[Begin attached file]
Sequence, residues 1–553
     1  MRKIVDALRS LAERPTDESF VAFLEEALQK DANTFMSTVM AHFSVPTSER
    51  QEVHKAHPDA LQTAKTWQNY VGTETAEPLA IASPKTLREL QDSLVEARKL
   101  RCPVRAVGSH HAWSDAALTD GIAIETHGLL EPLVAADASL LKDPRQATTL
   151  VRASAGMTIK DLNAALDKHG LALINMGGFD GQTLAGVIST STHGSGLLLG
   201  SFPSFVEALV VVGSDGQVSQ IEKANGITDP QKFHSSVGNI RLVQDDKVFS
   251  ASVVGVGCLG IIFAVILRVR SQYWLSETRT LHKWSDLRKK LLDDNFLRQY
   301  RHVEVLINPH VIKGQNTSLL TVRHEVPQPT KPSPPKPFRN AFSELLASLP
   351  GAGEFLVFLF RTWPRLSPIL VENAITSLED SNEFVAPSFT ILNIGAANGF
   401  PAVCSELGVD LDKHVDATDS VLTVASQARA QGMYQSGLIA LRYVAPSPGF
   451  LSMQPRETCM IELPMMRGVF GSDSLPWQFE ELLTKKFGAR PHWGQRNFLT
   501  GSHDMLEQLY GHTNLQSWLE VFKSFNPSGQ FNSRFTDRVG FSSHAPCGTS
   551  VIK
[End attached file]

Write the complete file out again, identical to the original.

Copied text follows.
Sequence, residues 1–553
     1  MRKIVDALRS LAERPTDESF VAFLEEALQK DANTFMSTVM AHFSVPTSER
    51  QEVHKAHPDA LQTAKTWQNY VGTETAEPLA IASPKTLREL QDSLVEARKL
   101  RCPVRAVGSH HAWSDAALTD GIAIETHGLL EPLVAADASL LKDPRQATTL
   151  VRASAGMTIK DLNAALDKHG LALINMGGFD GQTLAGVIST STHGSGLLLG
   201  SFPSFVEALV VVGSDGQVSQ IEKANGITDP QKFHSSVGNI RLVQDDKVFS
   251  ASVVGVGCLG IIFAVILRVR SQYWLSETRT LHKWSDLRKK LLDDNFLRQY
   301  RHVEVLINPH VIKGQNTSLL TVRHEVPQPT KPSPPKPFRN AFSELLASLP
   351  GAGEFLVFLF RTWPRLSPIL VENAITSLED SNEFVAPSFT ILNIGAANGF
   401  PAVCSELGVD LDKHVDATDS VLTVASQARA QGMYQSGLIA LRYVAPSPGF
   451  LSMQPRETCM IELPMMRGVF GSDSLPWQFE ELLTKKFGAR PHWGQRNFLT
   501  GSHDMLEQLY GHTNLQSWLE VFKSFNPSGQ FNSRFTDRVG FSSHAPCGTS
   551  VIK